Based on my knowledge of English, I’d say that this Yahoo! Style writer has trouble with common idioms (like based on) and likes to use redundant words (like off of):
Yesterday we learned that the folks at Yahoo! Style have trouble spelling Lea Michele’s name. You might think the misspelling was a mere typo, but you would be wrong. In the article about Ms. Michele, the writer gets her name wrong twice in the opening paragraph:
Not content to abuse Ms. Michele’s name, the writer took a sledgehammer to the English language with has sang (does anyone think that’s correct?), followed by a misplaced apostrophe in what should be Kohl’s, followed by a bit of nonsense that I think should be get to see which workout kicked and the ridiculous ideal of a perfect night (which I think is supposed to be idea of a perfect night).
The rest of the article doesn’t get any better. It contains more misspellings, more misplaced and missing punctuation, and a whole lot of unintelligible word salad. I’ve seen better writing in a high school newspaper. Maybe I should stick to reading that.
President and Mrs. Obama admit to having two daughters, Malia and Sasha. Is there a third daughter hidden away in the White House attic? That’s what I’m wondering after reading this on yahoo.com:
If the president has only two daughters, then Sasha would be the younger of the two. But the word youngest implies he has at least three. Where is the third? And why is he hiding her? This is how rumors (and hoaxes) get started…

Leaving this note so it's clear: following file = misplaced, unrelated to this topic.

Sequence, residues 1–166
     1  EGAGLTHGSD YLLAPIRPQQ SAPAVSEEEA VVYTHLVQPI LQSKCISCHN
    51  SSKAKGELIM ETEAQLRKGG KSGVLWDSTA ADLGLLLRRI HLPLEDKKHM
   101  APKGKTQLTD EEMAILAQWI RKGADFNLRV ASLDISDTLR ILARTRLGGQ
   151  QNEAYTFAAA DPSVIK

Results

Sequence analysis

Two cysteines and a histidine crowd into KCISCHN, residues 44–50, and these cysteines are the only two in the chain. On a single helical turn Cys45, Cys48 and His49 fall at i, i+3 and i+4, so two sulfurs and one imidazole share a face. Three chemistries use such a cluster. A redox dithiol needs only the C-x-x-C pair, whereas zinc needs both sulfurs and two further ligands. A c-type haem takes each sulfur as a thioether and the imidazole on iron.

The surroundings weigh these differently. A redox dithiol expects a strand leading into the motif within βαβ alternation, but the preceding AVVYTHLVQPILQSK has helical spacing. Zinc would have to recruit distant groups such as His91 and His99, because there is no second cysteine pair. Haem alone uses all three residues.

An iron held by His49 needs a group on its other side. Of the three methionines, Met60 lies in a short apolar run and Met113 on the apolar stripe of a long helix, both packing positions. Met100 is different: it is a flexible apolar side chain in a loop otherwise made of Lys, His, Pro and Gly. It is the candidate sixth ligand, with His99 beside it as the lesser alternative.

This Yahoo! Style writer should get a jump-start on her high school diploma and head over to a dictionary. She might learn that jump-start has a hyphen, workout is one word when it’s a noun and this sentence is altogether different from correct:
Let’s say this all together: If you mean “totally, entirely, completely,” use altogether. Use all together when you mean “together, as a unit or whole.”
When writers drop their article off at their editor’s desk, the last thing they want to think about is the likelihood of its containing grammatical errors. At least one Yahoo! Beauty didn’t think about grammar (or her reader) when she wrote this:
According to that excerpt, parents — not the daughter — are the ones living at dorms — not a dorm. It takes a special kind of determined reader (like moi) to try to decipher that sentence and ascertain what caused the train wreck. It’s pretty simple: the wrong pronoun (it should be her, not their) and a wrong plural (it should be dorm).
Are the folks who write for yahoo.com real reporters or former journalists? Looking at this, I’d say no:
Mistakes like that are underreported in blogs about writing and grammar. That’s why I’m here: To let folks know that undercovered is not a word. The word is underreported. I’d think that a real journalist would know that.
Kate Beckinsale is in good graces, but the writer for Yahoo! Style doesn’t tell us with whom:
If you can decipher the rest of the sentence you might conclude that Ms. Beckinsale is actually in good company. The writer of this article isn’t exactly in good graces with readers, but she is in good company at Yahoo!. If not good company, then at least lots of company. Writers at the Internet giant use words incorrectly every day (or everyday, as they would write).
If there’s an editorial equivalent of a bridezilla, I’m probably it. The title would be warranted. But I wouldn’t be. Likewise, criticism of this word choice by a Yahoo! Style writer is warranted:
The bride might be justified, the title might be warranted, her actions might be warranted. But could the bride be warranted? Not so much.